These companies are tapping the creative abilities of their employees to achieve continuing improvements in productivity.


For example, at Email in Adelaide groups of workers from the factory floor have come up with modifications to product design and to the production process to completely eliminate some specific quality defects.

These workers have already saved Email millions of dollars.

Successful companies recognise that positive measures to improve productivity have a much greater potential to improve the competitiveness of their companies than a narrow and short-term focus on labour cost-cutting.

This is a fact which SPC's chairman John Corboy knows well. In August SPC successfully concluded its second workplace agreement. The agreement focuses on achieving further productivity and profitability and sharing the benefits of

this with workers.

As Mr Corboy says and I quote:

'It's a well demonstrated effect. If you can improve your productivity by 5 per cent then you add up to 30 per cent to your profits. There's more than one way to improve your profits than by slashing wages. I personally don't believe

it's very intelligent to ask people to perform by cutting their wage. There are much more intelligent ways to get them to do that.' (Radio interview 3AW, 10 November 1992)

Mr Corboy is right. And his view is shared by hundreds of companies which now have workplace agreements.

I am particularly heartened by the emerging trend of companies using the opportunities provided by workplace bargaining to introduce measures to help workers balance their work and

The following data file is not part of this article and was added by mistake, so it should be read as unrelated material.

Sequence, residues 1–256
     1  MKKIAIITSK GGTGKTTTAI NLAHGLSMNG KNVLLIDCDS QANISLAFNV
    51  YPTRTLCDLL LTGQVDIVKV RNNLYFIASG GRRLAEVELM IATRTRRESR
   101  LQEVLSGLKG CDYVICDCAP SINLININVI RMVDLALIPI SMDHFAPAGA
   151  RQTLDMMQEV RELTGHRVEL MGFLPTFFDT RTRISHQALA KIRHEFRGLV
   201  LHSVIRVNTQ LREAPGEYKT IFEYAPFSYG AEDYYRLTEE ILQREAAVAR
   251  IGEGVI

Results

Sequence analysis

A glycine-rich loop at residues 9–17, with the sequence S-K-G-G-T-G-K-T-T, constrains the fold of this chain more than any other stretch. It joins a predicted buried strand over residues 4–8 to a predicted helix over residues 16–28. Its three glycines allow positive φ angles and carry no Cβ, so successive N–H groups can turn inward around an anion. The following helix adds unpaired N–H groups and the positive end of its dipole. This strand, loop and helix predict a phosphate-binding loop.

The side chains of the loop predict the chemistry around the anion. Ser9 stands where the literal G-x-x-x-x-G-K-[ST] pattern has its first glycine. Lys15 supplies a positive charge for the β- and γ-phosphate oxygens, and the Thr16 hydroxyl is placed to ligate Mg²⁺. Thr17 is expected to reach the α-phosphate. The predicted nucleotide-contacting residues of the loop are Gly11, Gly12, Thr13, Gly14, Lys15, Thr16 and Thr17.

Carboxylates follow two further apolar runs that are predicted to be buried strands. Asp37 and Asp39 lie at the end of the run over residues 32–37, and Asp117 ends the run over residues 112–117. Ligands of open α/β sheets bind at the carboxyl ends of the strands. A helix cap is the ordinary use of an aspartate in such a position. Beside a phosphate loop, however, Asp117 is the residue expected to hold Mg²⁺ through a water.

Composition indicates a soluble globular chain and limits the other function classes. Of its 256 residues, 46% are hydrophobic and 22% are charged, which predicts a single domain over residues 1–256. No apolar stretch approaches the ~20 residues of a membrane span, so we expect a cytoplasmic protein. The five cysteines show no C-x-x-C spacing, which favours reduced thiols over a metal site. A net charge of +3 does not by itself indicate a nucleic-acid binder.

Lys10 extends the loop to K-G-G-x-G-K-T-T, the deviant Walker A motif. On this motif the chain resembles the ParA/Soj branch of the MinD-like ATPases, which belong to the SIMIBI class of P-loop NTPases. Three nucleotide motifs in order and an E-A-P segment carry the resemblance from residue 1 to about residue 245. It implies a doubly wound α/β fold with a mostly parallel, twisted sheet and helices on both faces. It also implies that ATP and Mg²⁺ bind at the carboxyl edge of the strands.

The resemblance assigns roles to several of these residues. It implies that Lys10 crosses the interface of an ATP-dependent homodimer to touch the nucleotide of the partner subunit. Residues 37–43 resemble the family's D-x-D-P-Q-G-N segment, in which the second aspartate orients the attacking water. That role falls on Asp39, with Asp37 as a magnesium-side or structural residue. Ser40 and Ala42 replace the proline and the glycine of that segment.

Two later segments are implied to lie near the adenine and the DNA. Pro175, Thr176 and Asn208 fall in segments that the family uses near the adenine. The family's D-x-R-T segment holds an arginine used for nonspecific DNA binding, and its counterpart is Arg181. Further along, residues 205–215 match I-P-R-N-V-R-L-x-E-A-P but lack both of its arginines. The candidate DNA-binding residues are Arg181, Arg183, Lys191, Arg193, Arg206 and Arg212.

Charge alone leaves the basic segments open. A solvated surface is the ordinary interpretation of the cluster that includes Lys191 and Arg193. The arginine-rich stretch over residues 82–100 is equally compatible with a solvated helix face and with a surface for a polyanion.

family responsibilities.

The agreement recently finalised by Mission Energy and the Australian Services Union to cover workers at Victoria's Loy Yang B Power Station when it opens is a case in point.

The agreement introduces a number of measures to create a productive workplace and also includes a joint mission statement about the company's underlying philosophy. It states

'The success of the Company depends on its employees... The methods for constant improvement must build on the , partnership values of mutual aid and respect, open two-way communication, shared success and innovative problem solving

which will lead to competitive excellence.'

This philosophy is reflected in the special initiatives in the agreement for workers with families.

For example, the agreement includes generous parental and maternity leave provisions, compassionate leave for family emergencies, permanent part-time work and flexible working hours.


In establishing rosters, equal consideration will be given to the business needs of the company and the preferences of its employees.

Mission Energy has made an undertaking to assess child care needs at the outset of operations with options to be considered including an on-site child care centre to provide occasional care.

Another essential feature of any effective agreement is the development of appropriate measures so that improvements in productivity and performance can be assessed.

There is little point in having a workplace agreement if you can't measure the effect it has had.

Measurement indicators will need to address both qualitative and quantitative factors, including customer satisfaction, absenteeism, output, cost and financial performance.